Craigslist shuts down personals section in response to Congress' anti-online sex-trafficking bill
Craigslist said it can't risk jeopardizing its other servicesBy Shawn Knight 7 comments
Craigslist in response to the Senate's recent passing of a controversial sex trafficking bill has shut down the personals section of its website.
The section still shows up on the classifieds site but clicking any of the links redirects users to a statement on its position. In it, Craigslist notes that any tool or service can be misused and that they can't take that sort of risk without jeopardizing all of their other services. As such, they've taken personals offline.
Craigslist wished the millions of spouses, couples and partners that have met through its personals happiness, adding that it hopes to bring the section back some day.
The bill in question, the Allow States and Victims to Fight Online Sex Trafficking Act (FOSTA, H.R. 1865), passed by a vote of 97-2 in the US Senate earlier this week. The Electronic Frontier Foundation, an opponent of the bill, argues that it silences online speech by forcing Internet platforms to censor their users. The EFF adds that as lobbyists and members of Congress applaud themselves for enacting a law to tackle the issue of trafficking, "let's be clear: Congress just made trafficking victims less safe, not more."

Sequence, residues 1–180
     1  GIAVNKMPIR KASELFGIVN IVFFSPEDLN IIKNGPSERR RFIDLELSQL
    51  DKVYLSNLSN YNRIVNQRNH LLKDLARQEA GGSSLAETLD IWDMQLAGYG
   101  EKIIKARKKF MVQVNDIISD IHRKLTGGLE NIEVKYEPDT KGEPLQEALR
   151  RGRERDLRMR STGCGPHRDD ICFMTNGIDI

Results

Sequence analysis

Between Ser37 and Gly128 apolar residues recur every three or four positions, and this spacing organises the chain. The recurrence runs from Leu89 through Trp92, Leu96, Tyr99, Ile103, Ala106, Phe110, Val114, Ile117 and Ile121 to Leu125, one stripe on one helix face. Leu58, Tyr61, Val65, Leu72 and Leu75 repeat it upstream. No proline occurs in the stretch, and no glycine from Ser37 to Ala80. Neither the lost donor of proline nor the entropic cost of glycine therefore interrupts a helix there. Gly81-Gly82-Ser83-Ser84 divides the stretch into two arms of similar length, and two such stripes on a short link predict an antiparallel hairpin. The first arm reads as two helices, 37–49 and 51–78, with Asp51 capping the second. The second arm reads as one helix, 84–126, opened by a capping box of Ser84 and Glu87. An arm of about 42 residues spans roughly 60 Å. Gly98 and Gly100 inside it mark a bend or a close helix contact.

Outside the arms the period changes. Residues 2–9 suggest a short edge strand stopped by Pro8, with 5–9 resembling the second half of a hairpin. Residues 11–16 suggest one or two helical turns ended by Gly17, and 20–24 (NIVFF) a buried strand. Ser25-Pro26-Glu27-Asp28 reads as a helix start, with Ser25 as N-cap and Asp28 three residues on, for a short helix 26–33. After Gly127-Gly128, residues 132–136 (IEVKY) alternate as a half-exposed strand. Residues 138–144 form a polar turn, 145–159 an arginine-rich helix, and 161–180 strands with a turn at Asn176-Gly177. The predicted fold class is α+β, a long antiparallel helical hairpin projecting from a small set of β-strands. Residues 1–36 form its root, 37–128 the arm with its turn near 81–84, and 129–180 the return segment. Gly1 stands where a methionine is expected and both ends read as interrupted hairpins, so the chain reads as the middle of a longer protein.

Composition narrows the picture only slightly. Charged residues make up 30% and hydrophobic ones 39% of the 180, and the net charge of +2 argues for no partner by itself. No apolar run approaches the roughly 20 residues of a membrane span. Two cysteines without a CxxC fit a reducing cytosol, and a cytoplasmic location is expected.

In Craigslist's statement, it says the bill seeks "to subject websites to criminal and civil liability when third parties (users) misuse online personals unlawfully."
Proponents of the bill argue that it'll help curb online sex trafficking.
The bill will now head to President Trump's desk to be signed into law.